Taylor Fladgate Vintage Port 2017 ($160 for 750 mL, 97 points) — Don’t be shocked by these scores, these are some of the finest Ports I have ever tasted. Even though the scores are extremely high, unprecedented for me, they really are as close to perfect as they come, and the difference between 96 and 100, is well, silly. Suffice to say, if you have the time, at least 20 years and beyond, to watch them develop, you will be richly rewarded. It’s nearly opaque in the glass with an enthralling nose of thick black currants, violets, plum pudding, lovely herbs, forest berries, graphite, and elegant oak spices. It’s ethereal on the palate and gobsmackingly good with a complex array of super-ripe dark fruits that are dense and juicy, grippy tannins, firm texture, kirsch, lovely spice notes, highly structured and a long, long finish.

Taylor Fladgate Vargellas Vinha Velna Vintage Port 2017 ($420 for 750 mL, 100 points) — The wines of Quinta de Vargellas traditionally form the ‘backbone’ of the Taylor Fladgate Vintage Port blend. This outstanding estate, recognized as one of the world’s finest vineyards, was acquired by Taylor Fladgate in 1893, although its reputation as a source of the finest Ports dates back to the 1820s. Vargellas Vinha Velha may well be the most elusive and collectible of all Vintage Ports. Only six Vinha Velha vintage Ports have been released to date. How to express a perfect wine? It is such a thriller on the nose, even at this early stage, with rich, thick notes of black currants, blackberries, forest berries, cassis, kirsch, mocha and beautiful spice notes and then saline minerality, graphite and herbs kick in with cigar box cedar notes. Such an explosion of heady dark berries on the palate with compoted cherries, purity of fruits, power, grace and structure that all builds to a crescendo that echos for minutes on the finish. Lingering elegant spice, flinty minerality and forest herbs complete this majestic wine. If you were ever going to fork out $400+ for a bottle of wine, this just might be the one. Cellar 20-30 years. Have a child born in 2017? This is for them.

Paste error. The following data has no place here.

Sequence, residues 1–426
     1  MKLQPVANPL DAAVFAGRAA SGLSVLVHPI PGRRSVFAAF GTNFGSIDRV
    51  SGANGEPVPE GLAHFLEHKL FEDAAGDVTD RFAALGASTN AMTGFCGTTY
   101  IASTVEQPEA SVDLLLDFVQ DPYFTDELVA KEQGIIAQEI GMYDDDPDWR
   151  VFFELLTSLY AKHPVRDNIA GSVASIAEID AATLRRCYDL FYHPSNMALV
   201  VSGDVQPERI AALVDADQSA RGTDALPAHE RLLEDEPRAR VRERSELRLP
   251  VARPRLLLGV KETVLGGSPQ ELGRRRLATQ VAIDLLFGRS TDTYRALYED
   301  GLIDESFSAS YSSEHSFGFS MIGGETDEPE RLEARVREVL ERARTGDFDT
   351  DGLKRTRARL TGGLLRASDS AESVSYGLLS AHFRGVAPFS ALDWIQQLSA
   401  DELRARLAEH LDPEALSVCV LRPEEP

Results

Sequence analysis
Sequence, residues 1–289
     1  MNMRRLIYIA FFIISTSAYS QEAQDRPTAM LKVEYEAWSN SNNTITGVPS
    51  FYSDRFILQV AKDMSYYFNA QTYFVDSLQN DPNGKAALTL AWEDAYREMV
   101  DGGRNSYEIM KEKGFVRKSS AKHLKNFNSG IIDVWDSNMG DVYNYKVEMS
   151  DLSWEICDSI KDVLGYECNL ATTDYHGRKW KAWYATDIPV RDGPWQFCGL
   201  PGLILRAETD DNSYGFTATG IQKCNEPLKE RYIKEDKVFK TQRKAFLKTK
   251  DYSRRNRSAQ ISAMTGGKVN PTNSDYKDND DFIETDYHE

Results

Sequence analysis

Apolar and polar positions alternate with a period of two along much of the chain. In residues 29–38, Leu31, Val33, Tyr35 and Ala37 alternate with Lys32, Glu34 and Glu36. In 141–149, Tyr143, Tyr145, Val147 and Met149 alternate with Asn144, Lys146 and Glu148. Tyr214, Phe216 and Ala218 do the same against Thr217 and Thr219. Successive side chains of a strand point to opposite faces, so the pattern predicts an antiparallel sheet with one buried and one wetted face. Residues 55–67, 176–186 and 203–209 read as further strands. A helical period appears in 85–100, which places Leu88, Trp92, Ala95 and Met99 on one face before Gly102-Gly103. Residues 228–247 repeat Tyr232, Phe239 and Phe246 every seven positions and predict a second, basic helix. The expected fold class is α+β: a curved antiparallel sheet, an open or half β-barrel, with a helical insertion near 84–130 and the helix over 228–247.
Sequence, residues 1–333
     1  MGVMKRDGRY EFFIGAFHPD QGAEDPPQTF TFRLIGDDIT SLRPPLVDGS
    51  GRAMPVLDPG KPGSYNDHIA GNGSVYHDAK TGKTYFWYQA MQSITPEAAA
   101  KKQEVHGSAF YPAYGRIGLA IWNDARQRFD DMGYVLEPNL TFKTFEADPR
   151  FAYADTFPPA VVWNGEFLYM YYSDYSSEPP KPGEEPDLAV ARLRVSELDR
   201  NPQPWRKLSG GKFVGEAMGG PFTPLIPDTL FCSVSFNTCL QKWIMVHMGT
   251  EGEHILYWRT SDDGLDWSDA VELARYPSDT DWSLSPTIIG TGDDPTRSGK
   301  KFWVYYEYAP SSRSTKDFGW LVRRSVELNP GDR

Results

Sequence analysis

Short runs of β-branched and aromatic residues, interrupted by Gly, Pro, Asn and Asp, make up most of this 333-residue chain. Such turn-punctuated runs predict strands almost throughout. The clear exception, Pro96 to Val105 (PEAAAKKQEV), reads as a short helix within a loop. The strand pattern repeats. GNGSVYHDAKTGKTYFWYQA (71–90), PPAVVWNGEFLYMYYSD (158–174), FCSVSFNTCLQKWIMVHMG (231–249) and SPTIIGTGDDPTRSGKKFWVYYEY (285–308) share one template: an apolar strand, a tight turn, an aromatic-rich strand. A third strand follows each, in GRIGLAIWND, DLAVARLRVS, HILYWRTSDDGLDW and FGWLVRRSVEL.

Croft Vintage Port 2017 ($128 for 750 mL, 96 points) — Another dense Port in the glass with thick, rich black currants, black berries, kirsch, crunchy raspberry notes, sweet herbs, fine oak spices and subtle eucalyptus. It’s shows luxurious, velvety texture on the palate with a complex array of dark and red berries, sage, eucalypt, minerals and elegant oak spice on a long and finessed finish. It’s tight right now with plenty of room to really open up into something special. Cellar 15-20 years.

Croft Quinta da Roeda Serikos Vintage Port 2017 ($340 for 750 mL, 98 points) — This is the first Vintage Port made from the fruit of the old, historic vineyard plots on the company’s flagship property, Quinta da Roeda. The name Serikos is a historical reference to the property’s involvement in the production of silk following the destruction of its vineyards by phylloxera and to the silken quality of its wines. Of the four Ports reviewed here, this is the tightest, most youthful wine that needed nearly three days of decanting to really start showing itself. The nose displays succulent dark berries, floral notes, wild and minty herbs, forest berries, stony minerality, restrained, elegant oak spices and roasted vanilla bean. It bursts through on the palate with ripe, sweet dark berries, plums, jammy red fruits, ripe tannic structure, a velvety texture, complexity and a range of oak spices that all come together harmoniously on a long, plush finish. Such beauty and power and a wine that will cellar well for 20-30 years.